Nginx, Apache, and mod_wsgi is heavy-weight for Django application serving. Our web application stack consisted of nginx as a front-end web server in front of several Apache instances. Apache interfaced with our Django app via mod_wsgi, which ran a separate pool of processes to handle incoming requests. Originally nginx was responsible for serving static files, but that was eventually off-loaded to Amazon S3, so it currently isn’t doing much for us. The biggest issue though is Apache with it’s high memory usage for each process spawned by the mod_wsgi daemon. It all feels too heavy-weight for our serving needs. Some folks have recommended simply using gunicorn with nginx. I’ll definitely be looking into alternatives like this and would love to see more large scale deployments talking about their experience with them.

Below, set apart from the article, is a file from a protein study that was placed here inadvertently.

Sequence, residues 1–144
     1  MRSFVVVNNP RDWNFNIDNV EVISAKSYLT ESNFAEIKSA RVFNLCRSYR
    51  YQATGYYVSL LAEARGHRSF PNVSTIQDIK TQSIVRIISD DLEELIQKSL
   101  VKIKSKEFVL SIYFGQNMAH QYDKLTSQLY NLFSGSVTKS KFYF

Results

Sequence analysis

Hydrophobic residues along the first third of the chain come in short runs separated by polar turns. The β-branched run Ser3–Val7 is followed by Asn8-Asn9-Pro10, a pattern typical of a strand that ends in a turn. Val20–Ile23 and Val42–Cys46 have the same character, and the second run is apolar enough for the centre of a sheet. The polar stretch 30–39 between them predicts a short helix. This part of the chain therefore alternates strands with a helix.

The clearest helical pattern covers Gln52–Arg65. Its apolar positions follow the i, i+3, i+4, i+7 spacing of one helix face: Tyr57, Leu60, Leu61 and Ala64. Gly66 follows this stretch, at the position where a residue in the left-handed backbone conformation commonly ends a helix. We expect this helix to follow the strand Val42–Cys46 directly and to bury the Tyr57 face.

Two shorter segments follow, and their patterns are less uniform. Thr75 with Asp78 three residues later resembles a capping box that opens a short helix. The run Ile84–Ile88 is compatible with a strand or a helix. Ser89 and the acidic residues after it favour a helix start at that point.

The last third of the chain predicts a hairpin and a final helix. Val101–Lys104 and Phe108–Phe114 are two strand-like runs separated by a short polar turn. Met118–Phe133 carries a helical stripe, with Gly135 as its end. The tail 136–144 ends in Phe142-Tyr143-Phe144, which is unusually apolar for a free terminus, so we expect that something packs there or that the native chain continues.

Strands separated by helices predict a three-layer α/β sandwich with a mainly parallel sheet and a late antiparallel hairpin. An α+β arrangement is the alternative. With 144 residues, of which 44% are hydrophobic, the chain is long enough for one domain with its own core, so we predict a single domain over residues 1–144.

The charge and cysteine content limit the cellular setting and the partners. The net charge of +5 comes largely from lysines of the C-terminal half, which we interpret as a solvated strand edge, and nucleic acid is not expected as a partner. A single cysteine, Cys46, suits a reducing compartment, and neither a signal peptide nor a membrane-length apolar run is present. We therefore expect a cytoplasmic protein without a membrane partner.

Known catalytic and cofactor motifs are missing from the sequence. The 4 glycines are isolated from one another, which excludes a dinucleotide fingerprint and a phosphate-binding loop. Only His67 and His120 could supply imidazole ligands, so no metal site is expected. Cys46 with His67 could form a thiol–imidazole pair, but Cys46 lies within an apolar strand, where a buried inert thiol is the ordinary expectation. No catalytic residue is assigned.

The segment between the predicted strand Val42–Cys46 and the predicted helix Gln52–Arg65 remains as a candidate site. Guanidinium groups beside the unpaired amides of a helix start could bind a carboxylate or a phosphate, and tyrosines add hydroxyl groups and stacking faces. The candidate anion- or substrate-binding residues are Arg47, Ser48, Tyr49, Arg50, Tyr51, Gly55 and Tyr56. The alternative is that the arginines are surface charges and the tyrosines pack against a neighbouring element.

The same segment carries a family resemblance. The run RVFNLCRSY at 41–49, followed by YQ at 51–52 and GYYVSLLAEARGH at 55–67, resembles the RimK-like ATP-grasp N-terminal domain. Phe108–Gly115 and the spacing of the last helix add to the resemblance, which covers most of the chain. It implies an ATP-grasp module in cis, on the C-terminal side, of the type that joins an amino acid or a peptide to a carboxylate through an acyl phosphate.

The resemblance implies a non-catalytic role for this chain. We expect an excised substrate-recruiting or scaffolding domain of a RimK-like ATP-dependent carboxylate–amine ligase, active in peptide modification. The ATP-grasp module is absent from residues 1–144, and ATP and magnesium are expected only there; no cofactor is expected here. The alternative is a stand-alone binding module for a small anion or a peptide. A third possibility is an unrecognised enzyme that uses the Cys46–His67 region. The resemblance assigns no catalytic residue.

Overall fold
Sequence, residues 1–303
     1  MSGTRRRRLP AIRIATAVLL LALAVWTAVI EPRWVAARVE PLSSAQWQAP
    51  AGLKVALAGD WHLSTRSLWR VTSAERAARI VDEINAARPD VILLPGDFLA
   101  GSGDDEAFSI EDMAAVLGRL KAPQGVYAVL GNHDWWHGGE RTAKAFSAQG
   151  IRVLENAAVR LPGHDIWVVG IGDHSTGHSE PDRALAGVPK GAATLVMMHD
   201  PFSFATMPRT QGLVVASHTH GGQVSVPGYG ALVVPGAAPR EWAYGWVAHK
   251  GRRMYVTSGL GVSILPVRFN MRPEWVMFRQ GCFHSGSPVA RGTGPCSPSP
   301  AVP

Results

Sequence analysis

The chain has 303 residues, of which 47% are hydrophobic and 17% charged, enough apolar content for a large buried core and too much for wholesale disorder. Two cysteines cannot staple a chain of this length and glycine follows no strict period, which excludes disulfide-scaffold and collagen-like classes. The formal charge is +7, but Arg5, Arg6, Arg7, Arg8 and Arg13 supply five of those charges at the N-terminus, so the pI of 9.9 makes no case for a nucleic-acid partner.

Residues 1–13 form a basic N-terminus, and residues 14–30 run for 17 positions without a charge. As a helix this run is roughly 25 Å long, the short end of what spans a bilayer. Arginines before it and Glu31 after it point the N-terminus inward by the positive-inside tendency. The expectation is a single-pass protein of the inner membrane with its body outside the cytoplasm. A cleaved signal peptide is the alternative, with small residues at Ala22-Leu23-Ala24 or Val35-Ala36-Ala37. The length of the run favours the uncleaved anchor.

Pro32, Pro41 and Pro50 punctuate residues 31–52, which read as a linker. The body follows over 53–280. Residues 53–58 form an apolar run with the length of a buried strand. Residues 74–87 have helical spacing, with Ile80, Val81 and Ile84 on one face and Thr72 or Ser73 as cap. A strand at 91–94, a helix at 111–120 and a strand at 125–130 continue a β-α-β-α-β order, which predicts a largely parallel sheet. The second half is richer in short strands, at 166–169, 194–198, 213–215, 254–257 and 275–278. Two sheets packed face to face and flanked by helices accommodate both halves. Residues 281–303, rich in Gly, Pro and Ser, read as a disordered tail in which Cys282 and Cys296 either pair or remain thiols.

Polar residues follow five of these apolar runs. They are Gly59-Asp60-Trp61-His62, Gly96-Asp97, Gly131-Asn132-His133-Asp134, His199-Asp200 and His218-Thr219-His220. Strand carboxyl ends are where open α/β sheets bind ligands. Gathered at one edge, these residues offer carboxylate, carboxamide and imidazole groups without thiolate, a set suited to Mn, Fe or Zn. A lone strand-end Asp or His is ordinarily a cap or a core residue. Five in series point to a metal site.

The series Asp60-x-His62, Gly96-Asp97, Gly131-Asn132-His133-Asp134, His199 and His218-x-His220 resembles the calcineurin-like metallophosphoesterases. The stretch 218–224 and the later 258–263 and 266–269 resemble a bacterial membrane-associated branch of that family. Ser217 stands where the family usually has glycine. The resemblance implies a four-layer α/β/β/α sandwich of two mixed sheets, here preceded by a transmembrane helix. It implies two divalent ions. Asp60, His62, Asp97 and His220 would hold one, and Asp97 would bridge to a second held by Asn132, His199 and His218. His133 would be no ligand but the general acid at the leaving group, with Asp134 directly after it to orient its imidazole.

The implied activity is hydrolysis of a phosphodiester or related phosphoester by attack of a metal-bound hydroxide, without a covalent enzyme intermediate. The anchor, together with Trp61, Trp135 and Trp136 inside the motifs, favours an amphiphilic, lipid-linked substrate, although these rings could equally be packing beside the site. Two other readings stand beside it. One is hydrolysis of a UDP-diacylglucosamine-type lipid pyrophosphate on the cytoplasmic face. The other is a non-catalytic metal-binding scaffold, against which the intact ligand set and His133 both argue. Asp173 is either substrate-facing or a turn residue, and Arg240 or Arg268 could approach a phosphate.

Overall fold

There is no built-in framework for versioning static files. Django 1.3’s built in support for handling static files makes it a lot simpler to collect static files from various Django apps and push them to various serving locations, including Amazon S3. However, if you are following web performance best practices by setting long expire headers for static media, you need a way to version your static files to ensure new media are served when deployed. Some of the popular mechanisms for doing this include putting a version number in the path to the static file to ensure the new version is always served. Developers are left to invent their own mechanism for doing so and it would be great if it was either natively supported by the framework or best practices were encouraged.